If you still want to try this route (perhaps you already live in Malta), here’s what’s needed.
To apply for Malta citizenship by naturalization, you first need to maintain residency for the required number of years. That means living in Malta for four consecutive years out of the last six, with a permanent residence permit.
Also, you mustn’t have been absent from Malta for over six months in any one of those years.
Other requirements for Malta citizenship by naturalization include:
- Having proof of a regular and sufficient income
- Having suitable health insurance coverage
- Having at least two Maltese citizens (who are not your relatives) willing to vouch for you in writing
- Being proficient in one of Malta’s official languages, either Maltese or English.
Getting residency in Malta
Becoming legally resident in Malta is the first step on your pathway to citizenship by naturalization. After approximately five years of residency, you’ll be eligible to submit your citizenship application.
You need to spend at least six months of every year in Malta. Don’t forget that the year directly before applying should be spent entirely in Malta.
Residency with passive income
Non-EU citizens who wish to stay in Malta for more than three months need to apply for residency. Malta offers two types of passive income residency pathways, one for retirees, and another for the ‘self-sufficient’.
If you’re an online business owner taking your income primarily from dividends, you can use the self-sufficient option. Its requirements for non-EU citizens are as follows:
- Proof of €50,000 in savings OR a regular income of €370 per month, for a single applicant, €436 for a couple, plus €33 for each dependent child). You should plan to show proof of this income over the previous six months before applying.
- Proof of having lived in Malta for two months before applying (this is a wise idea because it allows you to ‘test drive’ life in Malta). Travel tickets, passport stamps, or Airbnb/hotel receipts should be sufficient as proof of arrival date.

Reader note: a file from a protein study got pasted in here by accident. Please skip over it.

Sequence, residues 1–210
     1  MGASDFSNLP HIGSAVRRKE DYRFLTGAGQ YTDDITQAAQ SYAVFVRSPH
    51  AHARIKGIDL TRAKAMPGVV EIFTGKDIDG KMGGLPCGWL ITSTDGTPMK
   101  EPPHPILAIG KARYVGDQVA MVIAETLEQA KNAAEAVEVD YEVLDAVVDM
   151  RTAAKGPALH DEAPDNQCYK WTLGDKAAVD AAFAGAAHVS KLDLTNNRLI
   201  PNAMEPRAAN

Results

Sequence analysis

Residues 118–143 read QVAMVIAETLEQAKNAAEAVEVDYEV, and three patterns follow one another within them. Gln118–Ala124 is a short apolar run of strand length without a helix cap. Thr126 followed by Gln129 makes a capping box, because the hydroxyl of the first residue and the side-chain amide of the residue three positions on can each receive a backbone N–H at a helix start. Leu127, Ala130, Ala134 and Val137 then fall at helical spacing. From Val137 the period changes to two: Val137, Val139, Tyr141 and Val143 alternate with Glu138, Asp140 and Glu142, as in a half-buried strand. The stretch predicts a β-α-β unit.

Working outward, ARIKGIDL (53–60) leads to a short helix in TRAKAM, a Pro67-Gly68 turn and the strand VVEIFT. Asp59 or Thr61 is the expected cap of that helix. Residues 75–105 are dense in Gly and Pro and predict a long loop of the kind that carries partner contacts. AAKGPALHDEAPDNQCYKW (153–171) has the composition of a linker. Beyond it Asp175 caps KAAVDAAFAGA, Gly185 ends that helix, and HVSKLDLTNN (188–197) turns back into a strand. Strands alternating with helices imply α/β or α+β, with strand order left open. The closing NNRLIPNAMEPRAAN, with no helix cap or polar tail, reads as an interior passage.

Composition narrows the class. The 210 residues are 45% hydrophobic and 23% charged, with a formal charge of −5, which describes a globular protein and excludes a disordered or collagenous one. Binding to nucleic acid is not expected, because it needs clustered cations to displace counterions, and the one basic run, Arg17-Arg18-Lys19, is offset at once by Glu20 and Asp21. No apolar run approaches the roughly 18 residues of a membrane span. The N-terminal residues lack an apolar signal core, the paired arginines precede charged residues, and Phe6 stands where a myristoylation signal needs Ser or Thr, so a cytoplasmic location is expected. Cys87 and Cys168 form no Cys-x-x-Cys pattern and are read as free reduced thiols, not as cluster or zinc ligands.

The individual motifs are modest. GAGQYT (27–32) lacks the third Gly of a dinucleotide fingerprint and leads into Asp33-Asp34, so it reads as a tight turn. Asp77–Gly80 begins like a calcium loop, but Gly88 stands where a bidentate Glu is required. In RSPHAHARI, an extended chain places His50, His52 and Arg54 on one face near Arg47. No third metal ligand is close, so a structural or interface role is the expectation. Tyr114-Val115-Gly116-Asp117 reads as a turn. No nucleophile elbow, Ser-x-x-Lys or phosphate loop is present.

- Private health insurance plan for yourself and any dependents moving with you.
Malta Citizenship vs other EU options
So how does Malta citizenship measure up to other options in the EU? We’ve compared some of the most popular options according to our key criteria for the citizenship journey.
If you’re not keen on learning languages, or just don’t have time, then Malta could be a great fit. Malta doesn’t require any sort of language exam for citizenship. You’ll be fine with just English!
As you can see from the below comparison, Malta has by far the shortest citizenship timeline in Europe…. if you can afford to pay for it.
If not, then the only route left is Malta citizenship by regular naturalization. The timeline for this route is unpredictable, and we’ve heard many reports of long-time Malta expats having their applications rejected – even after living there for 10 or 15 years.
Malta is your best option for EU citizenship in two cases:
- If you have existing Maltese family connections,
- If you apply for the citizenship by investment program
In all other cases, we recommend considering alternative options for EU second citizenship.
|Country||Timeline||Dual citizenship ok?||Physical stay||Tax residency required?||Language level|
|Malta citizenship||1-3 years||Yes||12–36 months||Yes||English only|
|French citizenship||5 years||Yes||183 days per year||Yes||B1 French|